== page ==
Chinese power giant Huaneng will launch its second pilot carbon capture project in Shanghai at the end of this year, but high costs are holding back further progress, an executive with the company said.

It is very, very expensive, said Jiang Minhua, director general of Huaneng's science and technology department.

China's coal-dominated power generation capacity has been soaring by 70 gigawatts a year and its CO2 emissions are now thought to be the highest in the world. Finding the technology to burn coal more cleanly has become a priority.

By 2050, capturing CO2 before it is released into the atmosphere could provide 15 percent of the cuts required to stop global warming, the International Energy Agency estimated this year, but despite a number of pilot projects across the world, the technology is far from mature.

Carbon capture costs around 200 yuan ($29.31) per tonne using current technology. And actually handling it, processing it so it can be used industrially, will cost another 150 yuan ($21.98) per tonne, Jiang said.

Last month, Brian Ricketts, coal analyst with the IEA, said each CCS installation would cost a billion euros and funding was the biggest challenge.

Huaneng's Shanghai project aims to sequester 10,000 tonnes of CO2 per annum from one of Huaneng's power plants, and is the next step to industrializing the process, Jiang said, but it is only a small fraction of the plant's total emissions.

Huaneng's first facility -- launched last year at the Gaobeidian power plant on the outskirts of Beijing -- was even smaller, capturing just 3,000 tonnes of carbon dioxide per year, which is then processed and used by local drinks manufacturers. The CO2 collected from the Shanghai facility will be sold to local industry, Jiang said.

We've done a survey into the market capacity for CO2 in Shanghai. We believe that selling 100,000 tonnes a year in the Shanghai market will not be a problem, and that doesn't include something else we are looking into -- using the CO2 (to boost extraction rates) in nearby oilfields.

As well as being used in fire extinguishers, refrigerants or pneumatic tools, captured carbon dioxide can be injected into depleted oil wells in order to boost extraction rates.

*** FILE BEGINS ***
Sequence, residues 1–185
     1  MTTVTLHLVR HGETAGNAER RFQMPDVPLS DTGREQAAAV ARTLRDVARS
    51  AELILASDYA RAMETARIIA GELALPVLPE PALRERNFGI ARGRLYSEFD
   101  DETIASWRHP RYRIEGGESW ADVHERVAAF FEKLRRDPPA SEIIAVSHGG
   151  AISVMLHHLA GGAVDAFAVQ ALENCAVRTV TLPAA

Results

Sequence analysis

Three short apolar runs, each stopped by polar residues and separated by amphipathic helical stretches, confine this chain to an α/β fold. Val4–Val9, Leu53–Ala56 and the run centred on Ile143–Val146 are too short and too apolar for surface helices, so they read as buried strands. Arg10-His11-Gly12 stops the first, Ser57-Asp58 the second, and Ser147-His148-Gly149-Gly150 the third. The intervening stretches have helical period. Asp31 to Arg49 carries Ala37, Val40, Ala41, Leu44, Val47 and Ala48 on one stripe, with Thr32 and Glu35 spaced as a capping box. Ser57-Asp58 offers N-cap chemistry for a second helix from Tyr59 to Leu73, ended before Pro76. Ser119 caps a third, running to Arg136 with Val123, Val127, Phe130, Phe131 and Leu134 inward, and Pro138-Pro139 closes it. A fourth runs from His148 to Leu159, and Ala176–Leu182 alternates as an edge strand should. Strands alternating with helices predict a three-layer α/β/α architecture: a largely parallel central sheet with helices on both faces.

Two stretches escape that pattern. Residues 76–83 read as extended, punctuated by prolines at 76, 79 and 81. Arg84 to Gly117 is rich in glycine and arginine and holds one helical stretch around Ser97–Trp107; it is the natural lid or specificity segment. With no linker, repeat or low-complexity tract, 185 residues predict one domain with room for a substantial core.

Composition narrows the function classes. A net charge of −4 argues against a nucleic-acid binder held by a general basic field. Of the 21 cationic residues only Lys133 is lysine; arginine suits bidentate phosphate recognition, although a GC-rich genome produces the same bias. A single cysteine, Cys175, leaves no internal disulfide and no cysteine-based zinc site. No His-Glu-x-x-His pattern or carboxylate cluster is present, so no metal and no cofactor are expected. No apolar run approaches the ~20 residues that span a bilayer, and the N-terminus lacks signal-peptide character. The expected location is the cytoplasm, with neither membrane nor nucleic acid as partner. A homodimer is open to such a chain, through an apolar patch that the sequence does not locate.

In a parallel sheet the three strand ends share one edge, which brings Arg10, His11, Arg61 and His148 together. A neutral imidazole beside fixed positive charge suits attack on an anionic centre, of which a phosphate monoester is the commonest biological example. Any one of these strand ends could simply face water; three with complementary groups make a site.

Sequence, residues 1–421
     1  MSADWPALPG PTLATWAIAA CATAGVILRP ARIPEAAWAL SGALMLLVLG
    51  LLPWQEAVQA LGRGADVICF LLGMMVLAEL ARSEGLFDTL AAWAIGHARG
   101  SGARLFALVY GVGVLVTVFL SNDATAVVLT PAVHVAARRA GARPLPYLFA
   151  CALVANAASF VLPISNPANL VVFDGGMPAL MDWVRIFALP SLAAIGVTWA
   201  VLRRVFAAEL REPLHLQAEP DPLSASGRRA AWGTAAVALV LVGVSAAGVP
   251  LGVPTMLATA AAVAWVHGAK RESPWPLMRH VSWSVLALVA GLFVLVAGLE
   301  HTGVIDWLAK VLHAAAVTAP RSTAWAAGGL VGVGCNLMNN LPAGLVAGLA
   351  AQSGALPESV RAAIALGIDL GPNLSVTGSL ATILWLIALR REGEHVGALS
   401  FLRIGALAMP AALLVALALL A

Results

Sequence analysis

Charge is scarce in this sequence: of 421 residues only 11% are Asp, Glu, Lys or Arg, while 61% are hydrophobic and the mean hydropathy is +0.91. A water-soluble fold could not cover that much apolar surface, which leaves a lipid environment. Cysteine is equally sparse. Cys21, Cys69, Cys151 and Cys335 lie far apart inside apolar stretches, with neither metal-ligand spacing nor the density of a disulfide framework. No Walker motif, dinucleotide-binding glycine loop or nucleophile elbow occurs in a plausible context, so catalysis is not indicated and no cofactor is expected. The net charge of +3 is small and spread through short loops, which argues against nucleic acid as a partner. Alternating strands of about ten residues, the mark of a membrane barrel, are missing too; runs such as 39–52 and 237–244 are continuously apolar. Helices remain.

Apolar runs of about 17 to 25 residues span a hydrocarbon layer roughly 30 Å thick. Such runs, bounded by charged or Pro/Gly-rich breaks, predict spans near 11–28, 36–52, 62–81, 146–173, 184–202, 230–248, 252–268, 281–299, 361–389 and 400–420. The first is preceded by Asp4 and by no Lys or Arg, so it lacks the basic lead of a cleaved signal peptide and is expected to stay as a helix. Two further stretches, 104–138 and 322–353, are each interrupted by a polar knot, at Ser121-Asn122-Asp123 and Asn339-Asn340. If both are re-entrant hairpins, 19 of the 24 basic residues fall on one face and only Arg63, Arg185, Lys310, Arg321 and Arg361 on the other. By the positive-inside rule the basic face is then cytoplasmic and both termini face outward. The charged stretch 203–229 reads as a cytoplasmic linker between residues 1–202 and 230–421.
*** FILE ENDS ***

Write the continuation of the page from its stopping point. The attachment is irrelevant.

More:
But such recycling will have only a limited impact on China's overall strategy to reduce emissions. The amount of carbon dioxide that can be used (industrially) in China stands at a few tens of millions of tonnes, about 1 percent of the total, Jiang said.


While the technology for capturing carbon is expensive, the bigger problem could be storage.

With limited industrial demand for CO2, rolling out the technology will require hundreds of unmined coal seams, depleted oil wells or saline aquifers to hold vast volumes of carbon dioxide over timescales that could be millennial.

We are currently doing research, said Jiang. We have spoken to experts and they say China's geology isn't as stable as the United States, and so there are more risks in China.

Once the storage site is identified, they also have to figure out ways of transporting the CO2 safely and cheaply.

There are additional problems. Installing CCS technology is also likely to reduce efficiency rather than improve it, said Herve Machenaud, chief executive of the Asia Pacific section of Electricite de France.

In normal coal-powered plants, the efficiency rate is about 45 percent, but with CCS, not only is the cost very much higher, but the efficiency is 10 percent lower.

Some experts are skeptical CCS will offer any viable long-term solution. Far from cleaning the environment, the technology is actually enabling the coal and power industries to continue business as usual.

The real cost of the technology, and its practicality, is all speculation right now, said Wolfgang Palz, chairman of the World Council for Renewable Energies.

The proper way is to go directly for renewables, he said.

($1=6.823 Yuan)

(Reporting by Beijing Newsroom; Editing by Clarence Fernandez)